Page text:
Ethereum - ETH
At its core, Ethereum is a decentralized global software platform powered by blockchain technology. It is most commonly known for its native cryptocurrency, ether, or ETH. Ethereum can be used by anyone to create any secured digital technology they can think of. It has a token designed for use in the blockchain network, but it can also be used by participants as a method to pay for work done on the blockchain.
Ethereum is designed to be scalable, programmable, secure, and decentralized. It is the blockchain of choice for developers and enterprises, who are creating technology based upon it to change the way many industries operate and the way we go about our daily lives.
It natively supports smart contracts, which are the essential tool behind decentralized applications. Many decentralized finance (DeFi) and other applications use smart contracts in conjunction with blockchain technology.
Learn more about Ethereum, its token ETH, and how they are an integral part of non-fungible tokens, decentralized finance, decentralized autonomous organizations, and the metaverse.
Consensus is reached using a protocol referred to as a consensus mechanism. Ethereum uses the proof-of-work protocol, where a network of participants runs software that attempts to prove that an encrypted number is valid.11 This is called mining, and the first miner to prove the number is rewarded in ether. A new block is opened on the blockchain, information from the previous block is encrypted and placed into the new block along with new data, and the mining process begins again.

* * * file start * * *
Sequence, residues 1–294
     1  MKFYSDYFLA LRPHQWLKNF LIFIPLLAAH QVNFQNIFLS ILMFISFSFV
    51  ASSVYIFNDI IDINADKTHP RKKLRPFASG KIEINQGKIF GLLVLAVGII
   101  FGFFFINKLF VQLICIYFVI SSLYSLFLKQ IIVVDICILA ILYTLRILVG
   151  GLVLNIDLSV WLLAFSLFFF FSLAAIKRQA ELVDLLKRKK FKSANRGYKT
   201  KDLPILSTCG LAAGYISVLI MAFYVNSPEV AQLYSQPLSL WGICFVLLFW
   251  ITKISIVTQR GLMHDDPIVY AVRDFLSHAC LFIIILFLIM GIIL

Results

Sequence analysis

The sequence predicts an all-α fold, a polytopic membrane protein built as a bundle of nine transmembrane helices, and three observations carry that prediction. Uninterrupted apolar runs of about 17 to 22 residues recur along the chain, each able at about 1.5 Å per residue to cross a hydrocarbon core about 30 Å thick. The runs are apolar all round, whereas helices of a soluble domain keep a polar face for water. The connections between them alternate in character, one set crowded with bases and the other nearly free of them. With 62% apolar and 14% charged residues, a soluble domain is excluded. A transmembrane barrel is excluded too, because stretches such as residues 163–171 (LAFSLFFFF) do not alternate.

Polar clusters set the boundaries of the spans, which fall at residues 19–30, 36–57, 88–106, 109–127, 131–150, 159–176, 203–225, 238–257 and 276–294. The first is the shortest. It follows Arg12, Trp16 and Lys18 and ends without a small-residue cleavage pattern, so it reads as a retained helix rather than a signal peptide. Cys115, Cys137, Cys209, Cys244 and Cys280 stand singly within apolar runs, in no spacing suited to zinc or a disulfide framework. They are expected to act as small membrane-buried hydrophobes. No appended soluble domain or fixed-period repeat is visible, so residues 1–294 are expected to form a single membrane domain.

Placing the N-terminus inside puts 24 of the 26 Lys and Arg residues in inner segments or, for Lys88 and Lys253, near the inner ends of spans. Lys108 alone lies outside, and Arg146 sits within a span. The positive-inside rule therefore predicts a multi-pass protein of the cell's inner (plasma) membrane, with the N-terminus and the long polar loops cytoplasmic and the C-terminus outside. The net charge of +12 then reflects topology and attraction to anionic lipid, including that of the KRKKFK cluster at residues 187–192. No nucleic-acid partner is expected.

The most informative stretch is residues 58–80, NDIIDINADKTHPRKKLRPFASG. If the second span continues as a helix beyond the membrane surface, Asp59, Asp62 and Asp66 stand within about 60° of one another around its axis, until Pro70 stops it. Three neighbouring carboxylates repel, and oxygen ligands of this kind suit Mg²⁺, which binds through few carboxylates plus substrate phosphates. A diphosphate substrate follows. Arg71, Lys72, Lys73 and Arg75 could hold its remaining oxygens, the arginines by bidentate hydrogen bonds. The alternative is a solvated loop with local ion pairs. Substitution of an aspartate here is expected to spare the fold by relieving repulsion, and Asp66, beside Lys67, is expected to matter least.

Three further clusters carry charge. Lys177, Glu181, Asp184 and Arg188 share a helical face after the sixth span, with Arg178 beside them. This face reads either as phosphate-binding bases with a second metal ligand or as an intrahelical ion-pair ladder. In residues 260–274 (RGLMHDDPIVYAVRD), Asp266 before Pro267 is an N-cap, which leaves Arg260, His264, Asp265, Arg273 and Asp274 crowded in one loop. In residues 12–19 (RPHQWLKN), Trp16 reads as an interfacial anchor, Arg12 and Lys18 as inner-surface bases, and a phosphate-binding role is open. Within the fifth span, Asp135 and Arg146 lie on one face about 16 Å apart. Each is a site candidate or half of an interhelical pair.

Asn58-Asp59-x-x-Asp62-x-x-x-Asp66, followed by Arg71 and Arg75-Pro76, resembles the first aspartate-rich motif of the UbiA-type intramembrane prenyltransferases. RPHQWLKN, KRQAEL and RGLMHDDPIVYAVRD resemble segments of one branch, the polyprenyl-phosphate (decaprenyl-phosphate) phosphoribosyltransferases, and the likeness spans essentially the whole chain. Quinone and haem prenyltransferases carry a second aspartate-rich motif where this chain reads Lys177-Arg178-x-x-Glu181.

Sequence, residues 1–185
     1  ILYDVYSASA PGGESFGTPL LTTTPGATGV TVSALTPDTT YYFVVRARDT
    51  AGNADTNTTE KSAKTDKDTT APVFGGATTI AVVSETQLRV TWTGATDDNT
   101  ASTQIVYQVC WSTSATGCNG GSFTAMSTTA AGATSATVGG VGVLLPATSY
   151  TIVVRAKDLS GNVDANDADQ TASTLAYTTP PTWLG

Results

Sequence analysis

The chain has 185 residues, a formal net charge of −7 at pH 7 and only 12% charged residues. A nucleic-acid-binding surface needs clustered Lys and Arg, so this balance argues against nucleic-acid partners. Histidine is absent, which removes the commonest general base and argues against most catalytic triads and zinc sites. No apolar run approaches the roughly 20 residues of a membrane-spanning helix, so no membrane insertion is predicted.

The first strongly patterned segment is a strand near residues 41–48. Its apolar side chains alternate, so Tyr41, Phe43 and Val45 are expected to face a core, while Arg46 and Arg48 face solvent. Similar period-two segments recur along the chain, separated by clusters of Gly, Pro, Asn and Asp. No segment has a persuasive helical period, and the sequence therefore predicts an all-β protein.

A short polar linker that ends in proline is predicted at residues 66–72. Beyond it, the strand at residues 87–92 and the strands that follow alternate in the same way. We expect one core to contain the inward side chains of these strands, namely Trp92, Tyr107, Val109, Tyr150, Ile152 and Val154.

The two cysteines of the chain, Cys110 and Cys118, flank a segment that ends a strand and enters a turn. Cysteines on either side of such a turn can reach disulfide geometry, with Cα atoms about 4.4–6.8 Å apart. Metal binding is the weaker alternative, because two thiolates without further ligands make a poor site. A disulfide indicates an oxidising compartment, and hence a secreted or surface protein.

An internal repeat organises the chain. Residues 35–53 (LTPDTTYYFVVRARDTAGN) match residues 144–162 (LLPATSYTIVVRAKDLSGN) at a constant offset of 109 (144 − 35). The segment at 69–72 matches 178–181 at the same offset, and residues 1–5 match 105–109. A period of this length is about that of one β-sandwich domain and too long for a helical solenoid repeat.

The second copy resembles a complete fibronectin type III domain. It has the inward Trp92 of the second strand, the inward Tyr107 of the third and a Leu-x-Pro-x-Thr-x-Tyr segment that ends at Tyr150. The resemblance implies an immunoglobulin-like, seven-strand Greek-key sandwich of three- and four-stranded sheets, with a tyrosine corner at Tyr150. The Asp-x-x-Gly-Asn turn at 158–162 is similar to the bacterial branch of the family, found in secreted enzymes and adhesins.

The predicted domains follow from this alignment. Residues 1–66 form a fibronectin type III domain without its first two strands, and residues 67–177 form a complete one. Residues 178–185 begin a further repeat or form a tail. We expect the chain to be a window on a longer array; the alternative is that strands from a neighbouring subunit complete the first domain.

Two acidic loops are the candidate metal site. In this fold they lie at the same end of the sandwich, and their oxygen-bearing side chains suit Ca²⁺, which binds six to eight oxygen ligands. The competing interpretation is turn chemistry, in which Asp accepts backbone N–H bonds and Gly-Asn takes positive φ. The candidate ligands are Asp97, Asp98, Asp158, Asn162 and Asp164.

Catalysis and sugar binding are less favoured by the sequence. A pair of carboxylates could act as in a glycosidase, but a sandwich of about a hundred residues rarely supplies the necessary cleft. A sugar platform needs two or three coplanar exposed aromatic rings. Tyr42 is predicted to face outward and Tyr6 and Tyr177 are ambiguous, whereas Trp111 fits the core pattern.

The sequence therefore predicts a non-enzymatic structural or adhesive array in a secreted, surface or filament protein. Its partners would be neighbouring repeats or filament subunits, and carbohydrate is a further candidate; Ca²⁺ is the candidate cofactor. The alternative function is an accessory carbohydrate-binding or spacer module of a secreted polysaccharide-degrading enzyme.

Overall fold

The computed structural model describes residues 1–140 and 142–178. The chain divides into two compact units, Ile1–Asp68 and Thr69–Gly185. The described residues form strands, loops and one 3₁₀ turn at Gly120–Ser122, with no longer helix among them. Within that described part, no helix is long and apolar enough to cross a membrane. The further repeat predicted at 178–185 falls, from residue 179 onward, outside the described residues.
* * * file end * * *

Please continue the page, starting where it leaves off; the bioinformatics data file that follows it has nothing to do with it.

At some point, Ethereum will be moving to another consensus protocol called proof-of-stake, where ETH owners "stake" their ether. Staking ether keeps it from being used in transactions and works as an incentive—it is used as collateral for the privilege of mining. Mining will work differently under this protocol because it won't require everyone on the network to compete for the rewards. Instead, the protocol will randomly choose users with staked ether to verify the transactions. These validators are then rewarded in ether for their work. Ethereum owners use wallets to "store" their ether. Essentially, a wallet is a digital interface that lets you access your ether stored on the blockchain. Your wallet has an address, which is similar to an email address in that it is where users send ether, much like they would an email. Ether is not actually stored in your wallet. Your wallet holds private keys you use like you would use a password when you initiate a transaction. You receive a private key for each ether you own. This key is essential for accessing your ether, which is why you may hear so much about securing them using different storage methods.